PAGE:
Types of Allergies
All allergens are not the same, and a person’s reaction may vary in degree of seriousness. When consulting an allergist you will be tested for different allergens, and the best treatment plan will be determined by the allergist.
The most common allergens responsible for allergic reactions are:
If you find yourself sneezing or coughing during certain times of the year, you may suffer from seasonal allergies. Across the United States, trees bloom during the spring. Tree pollen season lasts from the end of February until early June, followed by grass season in the summer. In the fall, many people suffer with ragweed and weed allergies.
Drugs and Medications
Reactions to medications are relatively common. However, there are varying degrees to these reactions. One person may develop a rash and/or swelling while another may develop difficulty breathing. Typically, 5-10 percent of drug reactions are due to an allergic reaction to the medication. The drugs that cause the most common reactions are: antibiotics (penicillin), aspirin/nonsteroidal anti-inflammatory medications, chemotherapy, monoclonal antibody therapy, and anticonvulsants. The risk of developing a drug allergy increases when you take the medication frequently, if the medication physically touches your skin, or is given through injection.
Most food allergies develop in childhood, though food allergies can also develop as an adult. The foods responsible for most food allergies in adults are: fish, peanuts, shellfish, tree nuts. Food allergies are not the same as food intolerances. In food allergies, the immune system overreacts to a protein found in food. Allergic symptoms can appear immediately after ingesting the food. Allergic reactions to food can be life-threatening. People with food allergies must be extra careful to avoid the food to which they are allergic to.
Latex is less common than it was in the past. Latex can be found in rubber gloves, condoms, balloons, toys, and rubber bands. It is a substance produced by rubber trees and blended with chemicals during the manufacturing process that gives it elasticity.
Nearly 50 percent of people with latex allergy also suffer from another allergy. Some patients with a latex allergy also have allergies to fruits and vegetables like bananas, avocado, tomatoes, or chestnuts can cause reactions in people sensitive to latex. Latex allergy can range from mild to severe. Allergic reactions can worsen with continued exposure. Latex allergies can be diagnosed by an allergist.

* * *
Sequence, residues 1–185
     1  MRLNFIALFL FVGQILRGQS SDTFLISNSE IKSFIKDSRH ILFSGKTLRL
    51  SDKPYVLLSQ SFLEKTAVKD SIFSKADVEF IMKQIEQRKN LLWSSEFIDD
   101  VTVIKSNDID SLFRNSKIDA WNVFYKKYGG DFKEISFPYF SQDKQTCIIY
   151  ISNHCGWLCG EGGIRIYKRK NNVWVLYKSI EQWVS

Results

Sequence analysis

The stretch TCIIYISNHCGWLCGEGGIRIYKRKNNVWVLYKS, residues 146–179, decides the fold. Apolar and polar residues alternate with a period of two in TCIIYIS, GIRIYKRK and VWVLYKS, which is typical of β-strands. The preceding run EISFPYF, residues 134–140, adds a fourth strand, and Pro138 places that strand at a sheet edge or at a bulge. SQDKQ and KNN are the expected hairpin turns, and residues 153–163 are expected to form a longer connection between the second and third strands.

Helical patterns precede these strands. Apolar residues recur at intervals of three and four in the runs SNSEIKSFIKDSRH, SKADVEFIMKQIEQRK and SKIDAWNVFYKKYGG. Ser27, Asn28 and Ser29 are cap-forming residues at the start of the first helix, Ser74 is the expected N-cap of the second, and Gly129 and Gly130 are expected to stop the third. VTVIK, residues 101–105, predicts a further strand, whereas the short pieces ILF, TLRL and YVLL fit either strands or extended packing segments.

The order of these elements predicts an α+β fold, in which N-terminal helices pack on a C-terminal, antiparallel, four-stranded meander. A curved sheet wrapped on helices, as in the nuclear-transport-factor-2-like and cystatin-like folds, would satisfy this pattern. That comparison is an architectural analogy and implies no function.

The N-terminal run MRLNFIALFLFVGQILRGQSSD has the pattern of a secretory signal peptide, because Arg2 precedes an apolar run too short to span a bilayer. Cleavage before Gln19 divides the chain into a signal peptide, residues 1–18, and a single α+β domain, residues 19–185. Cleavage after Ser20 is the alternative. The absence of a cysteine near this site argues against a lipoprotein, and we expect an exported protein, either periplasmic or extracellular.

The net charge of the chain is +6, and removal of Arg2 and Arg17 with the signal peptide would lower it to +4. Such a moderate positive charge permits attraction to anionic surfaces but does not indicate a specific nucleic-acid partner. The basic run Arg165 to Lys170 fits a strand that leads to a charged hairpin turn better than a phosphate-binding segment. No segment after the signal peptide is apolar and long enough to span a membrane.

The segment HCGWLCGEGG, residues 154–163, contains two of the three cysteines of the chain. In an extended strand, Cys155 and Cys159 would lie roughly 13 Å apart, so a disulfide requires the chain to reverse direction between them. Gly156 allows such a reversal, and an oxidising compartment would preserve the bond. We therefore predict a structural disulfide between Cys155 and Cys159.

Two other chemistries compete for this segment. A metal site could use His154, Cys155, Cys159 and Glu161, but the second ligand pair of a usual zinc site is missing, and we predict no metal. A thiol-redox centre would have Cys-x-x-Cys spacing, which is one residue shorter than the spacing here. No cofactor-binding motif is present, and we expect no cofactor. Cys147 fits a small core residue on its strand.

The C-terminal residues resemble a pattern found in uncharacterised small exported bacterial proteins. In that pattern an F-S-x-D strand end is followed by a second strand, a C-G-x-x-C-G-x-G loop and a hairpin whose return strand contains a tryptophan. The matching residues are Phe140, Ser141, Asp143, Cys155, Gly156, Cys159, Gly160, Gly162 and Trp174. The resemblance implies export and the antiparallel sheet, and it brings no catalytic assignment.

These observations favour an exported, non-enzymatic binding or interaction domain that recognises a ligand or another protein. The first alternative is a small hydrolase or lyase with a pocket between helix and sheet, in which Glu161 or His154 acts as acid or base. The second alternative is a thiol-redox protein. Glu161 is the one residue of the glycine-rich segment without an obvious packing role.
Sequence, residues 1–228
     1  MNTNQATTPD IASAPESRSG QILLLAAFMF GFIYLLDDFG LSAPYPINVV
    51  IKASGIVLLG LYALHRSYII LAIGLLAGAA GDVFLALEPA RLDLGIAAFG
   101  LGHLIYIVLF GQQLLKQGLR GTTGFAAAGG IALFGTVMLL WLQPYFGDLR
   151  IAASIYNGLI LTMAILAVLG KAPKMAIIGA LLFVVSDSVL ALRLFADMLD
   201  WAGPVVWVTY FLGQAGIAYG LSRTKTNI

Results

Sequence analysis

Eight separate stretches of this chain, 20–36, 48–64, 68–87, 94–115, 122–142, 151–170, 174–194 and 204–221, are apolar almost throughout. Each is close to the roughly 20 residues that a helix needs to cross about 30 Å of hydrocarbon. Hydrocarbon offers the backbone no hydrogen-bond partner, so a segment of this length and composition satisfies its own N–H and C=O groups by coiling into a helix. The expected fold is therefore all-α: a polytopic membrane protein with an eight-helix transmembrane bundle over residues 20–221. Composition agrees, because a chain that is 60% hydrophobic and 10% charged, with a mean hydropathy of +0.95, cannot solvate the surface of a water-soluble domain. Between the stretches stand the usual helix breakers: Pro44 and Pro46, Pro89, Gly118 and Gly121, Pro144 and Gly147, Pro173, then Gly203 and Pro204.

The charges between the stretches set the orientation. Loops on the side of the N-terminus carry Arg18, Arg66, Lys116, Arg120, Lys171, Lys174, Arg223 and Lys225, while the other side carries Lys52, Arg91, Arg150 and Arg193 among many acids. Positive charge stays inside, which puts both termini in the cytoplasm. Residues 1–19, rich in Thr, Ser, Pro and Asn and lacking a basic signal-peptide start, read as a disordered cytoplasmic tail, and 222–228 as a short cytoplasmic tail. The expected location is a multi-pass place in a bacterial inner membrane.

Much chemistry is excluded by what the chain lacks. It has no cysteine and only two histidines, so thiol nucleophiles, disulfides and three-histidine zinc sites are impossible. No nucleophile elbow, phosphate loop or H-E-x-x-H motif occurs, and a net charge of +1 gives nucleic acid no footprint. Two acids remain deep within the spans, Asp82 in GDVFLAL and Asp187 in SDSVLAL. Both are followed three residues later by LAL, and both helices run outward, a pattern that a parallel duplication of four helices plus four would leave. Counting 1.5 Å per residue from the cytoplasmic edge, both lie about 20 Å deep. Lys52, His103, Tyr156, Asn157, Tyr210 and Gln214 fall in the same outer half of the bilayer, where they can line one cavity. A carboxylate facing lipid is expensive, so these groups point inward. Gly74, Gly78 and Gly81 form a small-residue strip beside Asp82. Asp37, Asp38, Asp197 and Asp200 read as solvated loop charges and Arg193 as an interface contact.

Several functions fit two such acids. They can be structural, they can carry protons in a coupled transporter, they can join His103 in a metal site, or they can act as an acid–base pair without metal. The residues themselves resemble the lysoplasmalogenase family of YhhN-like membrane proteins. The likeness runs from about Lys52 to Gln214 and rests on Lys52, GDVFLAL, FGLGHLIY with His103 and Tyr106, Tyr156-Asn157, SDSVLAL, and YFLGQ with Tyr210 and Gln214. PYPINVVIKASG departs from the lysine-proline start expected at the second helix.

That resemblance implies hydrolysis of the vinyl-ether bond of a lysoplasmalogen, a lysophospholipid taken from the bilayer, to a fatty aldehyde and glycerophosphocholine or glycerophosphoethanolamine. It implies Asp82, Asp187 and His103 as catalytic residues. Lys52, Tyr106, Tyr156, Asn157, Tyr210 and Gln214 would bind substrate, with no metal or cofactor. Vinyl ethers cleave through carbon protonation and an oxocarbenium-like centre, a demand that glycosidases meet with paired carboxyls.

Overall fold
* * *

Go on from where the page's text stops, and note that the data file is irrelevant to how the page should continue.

There are hundreds of mold types, but not all of them cause allergy symptoms. Molds are the tiny fungi spores that can be found present in the air. Mold flourishes in damp environments and can be found in houses or other buildings and outside. Everyone comes in contact with the spores that float through the air. But not everyone has a reaction to mold. Allergic reactions to molds can cause coughing, itchy eyes, congestion, and other allergy symptoms that make you feel awful. Mold allergies have been linked to asthma worsening, and consistent exposures to them can restrict airways and cause difficulty in breathing. Alternaria, Aspergillus, Cladosporium, and Penicillium are the most common allergy-causing molds.
Allergies to pet are common. Cat allergies are more common than dog. The source of the allergen from cats and dogs are their saliva, urine and dander, not their fur.
Pet dander is the tiny flakes of skin from pets that shed. Typically associated with cats and dogs, animal dander can come from any animal with fur. An allergic reaction to pet dander includes sneezing, runny nose, wheezing, difficulty breathing, and in worse cases this can trigger asthma symptoms. It’s best to avoid exposure to the animal that triggers your allergies as much as possible. People with a pet dander allergy who come in direct contact can develop a skin reaction called dermatitis.
Venom (Stinging Insect)
Most people develop swelling, redness, and itching when they’ve been stung by an insect. A person allergic to venom experiences more severe symptoms since their immune system over reacts to the venom. If you are stung by an insect, your body produces antibodies called immunoglobulin E (IgE). If you are stung again by the same kind of insect, the IgE reacts to the venom and triggers an allergic reaction. A very small number of people have a life-threatening reaction to venom. In severe cases, a person can develop anaphylaxis <Link to: Anaphylaxis page> which requires immediate attention. Anaphylaxis is a severe, life-threatening allergic reaction. If you develop anaphylaxis symptoms after an insect bite, seek immediate medical attention.